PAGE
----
Shepherd’s Pie Recipe ~ vegan

This is such a delicious, simple dish which is perfect to serve if you are hosting, or a great meal prep option which you can eat over a couple of days or even freeze!

food, glorious food

The beauty of it is that you can really use whatever ingredients you have on hand for the “mince” filling – so feel free to substitute any vegetables I used for other things. I will say that carrots, mushrooms and onions form a delicious base. As for the “meaty” substitute, opt for either of the following: brown/green lentils, black beans, TVP, soya mince, tempeh mince or a mixture of either.

This recipe serves ~6 people so adapt accordingly.

Ingredients:

  • 2 large carrots
  • 3 yellow onions
  • 5 large mushrooms or 8-10 smaller ones
  • 6-8 white potatoes (depends a little on their size, you want them to cover roughly the entire area of your chosen oven dish when you lay them out on the counter
  • 1 block of tempeh (~200 g)
  • 1/2 cup dry green lentils or just use 1 tin of lentils
  • dairy-free single cream alternative e.g. Alpro cuisine soya, oatly cream
  • 2 tbsp tomato purée
  • ~200mL tomato passata
  • spices & herbs: salt, pepper, turmeric, smoked paprika, cumin, thyme, persil, garlic powder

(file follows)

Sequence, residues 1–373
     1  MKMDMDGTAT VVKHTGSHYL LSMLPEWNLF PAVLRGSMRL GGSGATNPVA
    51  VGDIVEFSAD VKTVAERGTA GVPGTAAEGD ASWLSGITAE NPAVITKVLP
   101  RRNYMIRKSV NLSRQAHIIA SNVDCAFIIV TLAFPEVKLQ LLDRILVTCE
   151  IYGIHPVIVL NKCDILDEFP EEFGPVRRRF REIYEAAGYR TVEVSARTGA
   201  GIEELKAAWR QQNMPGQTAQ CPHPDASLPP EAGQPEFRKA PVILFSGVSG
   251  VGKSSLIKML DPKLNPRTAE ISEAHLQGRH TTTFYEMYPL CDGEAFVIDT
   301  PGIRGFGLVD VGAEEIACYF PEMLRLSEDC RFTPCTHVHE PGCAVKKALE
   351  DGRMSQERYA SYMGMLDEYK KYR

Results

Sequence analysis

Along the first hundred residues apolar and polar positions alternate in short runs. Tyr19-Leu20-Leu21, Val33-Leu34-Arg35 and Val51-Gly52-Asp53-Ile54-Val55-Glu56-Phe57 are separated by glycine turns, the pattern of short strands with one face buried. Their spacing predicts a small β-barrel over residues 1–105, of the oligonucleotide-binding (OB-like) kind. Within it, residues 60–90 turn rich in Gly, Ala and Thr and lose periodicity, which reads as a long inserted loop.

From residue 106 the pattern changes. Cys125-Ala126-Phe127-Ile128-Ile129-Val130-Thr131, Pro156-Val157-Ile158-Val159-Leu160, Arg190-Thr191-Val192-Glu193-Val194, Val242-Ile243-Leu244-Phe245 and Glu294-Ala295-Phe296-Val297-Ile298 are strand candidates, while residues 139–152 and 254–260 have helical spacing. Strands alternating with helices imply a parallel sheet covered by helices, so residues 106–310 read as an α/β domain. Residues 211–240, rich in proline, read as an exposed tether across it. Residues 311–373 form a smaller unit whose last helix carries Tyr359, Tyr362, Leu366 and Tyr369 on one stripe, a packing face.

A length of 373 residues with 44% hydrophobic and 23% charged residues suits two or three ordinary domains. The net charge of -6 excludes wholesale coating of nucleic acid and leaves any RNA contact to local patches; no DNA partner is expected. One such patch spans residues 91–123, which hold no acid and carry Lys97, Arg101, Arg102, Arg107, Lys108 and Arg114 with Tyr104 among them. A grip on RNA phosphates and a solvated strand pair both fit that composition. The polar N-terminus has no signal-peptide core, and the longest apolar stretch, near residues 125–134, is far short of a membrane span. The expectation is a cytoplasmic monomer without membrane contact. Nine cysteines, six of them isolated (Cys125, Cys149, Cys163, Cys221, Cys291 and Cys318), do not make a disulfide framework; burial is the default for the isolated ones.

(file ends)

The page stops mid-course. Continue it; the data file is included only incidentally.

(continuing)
• 2 tbsp rapeseed oil
  • I didn’t use these but might be nice: sunflower seeds (mixed with mince), garlic cloves, olives, chopped tomatoes.

Method.

  • boil your lentils (unless you are using a tin) and peel + chop your potato and boil these too. mince your tempeh block in a food processor. set aside when done.
  • you can either chop your veggies… or use a food processor which takes about 1 minute to do, and is what I do. blitz carrots, onion and mushroom together. transfer your veggies to a pot on medium-high heat and stir, stir, stir. you want them to release most of their liquid.
  • once you are satisfied that your veggies are somewhat cooked and have reduced in size, add in your lentils and minced tempeh.
  • season with tomato purée, spices and herbs. add in your tomato passata. you do not want the mince to be runny so add a little liquid at a time, just enough so the tempeh soaks it up and cooks, and prevents it from being dry.
  • drain your boiled potatoes and mash ’em up. add in your dairy-free cream alternative (or milk + margarine), salt and pepper. leave some small potato chunks in for texture.
  • transfer your mince to an oven dish.
  • portion out the mashed potato as shown in the photo: first as dollops, which you can then spread out using a spatula or fork.